In 1938 Arthur Benjamin went to Vancouver where he taught and gave radio broadcasts for the Canadian Broadcasting Corporation. He was duly appointed to the conductorship of the CBC Symphony Orchestra. After the end of the Second World War Benjamin returned to the United Kingdom and resumed his job at the RCM. He died in London on April 10, 1960.

The Violin Concerto is an undoubted masterpiece. Constant Lambert noted that this work stood out ‘because of its general air of smartness . . . in the word's most complimentary sense. The concerto is clear, logical, slick, and well turned out . . . It is a brilliantly executed work, the type of piece in which English music is so painfully lacking.’ Frank Howes writing in the then current Grove (Supplementary Volume) suggested that this work reflected ‘the fashion for crisp and dry writing.’

Arthur Benjamin composed the Concerto in 1931. On 29 January 1933 it was given a ‘run through’ at a studio (Studio 10) with the BBC Symphony Orchestra and Antonio Brosa as soloist. Other works at that broadcast included Delius’s On Hearing the First Cuckoo in Spring, Tchaikovsky’s Francesca da Rimini and Haydn’s Symphony No.101 (The Clock). The programme was conducted by Frank Bridge, with Benjamin conducting his own work.

The Concerto eschewed the traditional formal structure. Benjamin has given three movements, however the first is a ‘Rhapsody’, the second is an ‘Intermezzo’ and the finale is, more traditionally, a ‘rondo’. An early reviewer was concerned that the melodies played by the soloist were accompanied by short motifs picked out on the other instruments, often brass. He was troubled as to what was the main material of the movement – the epigrams or the rhapsody? It seemed to him to present a difficulty in focusing on the long-breathed phrases and the short motifs at the same time. Wendy Hiscocks, in her excellent liner-notes, suggests that there are an ‘almost overwhelming number of musical ideas’. However she assures us that there are only some eight initial themes and four motifs to contend with! Actually there is some considerable beauty in these pages and I guess that the listener who has absorbed the Walton Violin Concerto and other works of the mid-to-late twentieth-century will have little trouble in appreciating and enjoying this complex of sounds. The music is often challenging without ever becoming too difficult or unintelligible.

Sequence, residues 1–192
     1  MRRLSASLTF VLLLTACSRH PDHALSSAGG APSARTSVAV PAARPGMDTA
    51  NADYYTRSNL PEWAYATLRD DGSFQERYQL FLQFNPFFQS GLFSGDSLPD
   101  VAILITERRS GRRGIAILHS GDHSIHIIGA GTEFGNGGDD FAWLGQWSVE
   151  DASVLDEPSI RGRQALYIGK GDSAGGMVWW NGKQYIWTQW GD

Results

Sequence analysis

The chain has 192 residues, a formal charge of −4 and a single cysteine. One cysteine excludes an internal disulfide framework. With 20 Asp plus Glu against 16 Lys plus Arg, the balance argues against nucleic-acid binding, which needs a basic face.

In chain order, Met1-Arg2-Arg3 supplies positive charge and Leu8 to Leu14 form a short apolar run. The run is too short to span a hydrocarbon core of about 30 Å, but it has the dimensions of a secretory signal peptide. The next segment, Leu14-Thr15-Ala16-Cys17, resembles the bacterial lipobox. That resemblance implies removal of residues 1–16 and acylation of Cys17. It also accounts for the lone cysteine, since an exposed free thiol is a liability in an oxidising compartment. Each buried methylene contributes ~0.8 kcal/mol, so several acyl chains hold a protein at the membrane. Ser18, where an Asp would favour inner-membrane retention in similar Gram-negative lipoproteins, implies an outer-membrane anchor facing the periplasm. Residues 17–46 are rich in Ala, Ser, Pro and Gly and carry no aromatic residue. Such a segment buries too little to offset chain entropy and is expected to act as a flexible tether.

The Intermezzo is on more secure grounds, owing something to Delius and to Vaughan Williams. It has a ‘lilting siciliana' as its fundamental theme. This is introspective music that allows the soloist to soliloquise in a deeply moving manner.

The Rondo strikes me as having the energy and vitality of Stravinsky as its motivation without it in any way being a parody. The soloist is called upon to provide all sorts of technical gymnastics. Yet, even in amongst all this energy and drive there is a certain sadness and reflection. However, by the end of the work all this is blown away and the work ends in a blaze of excitement and energy.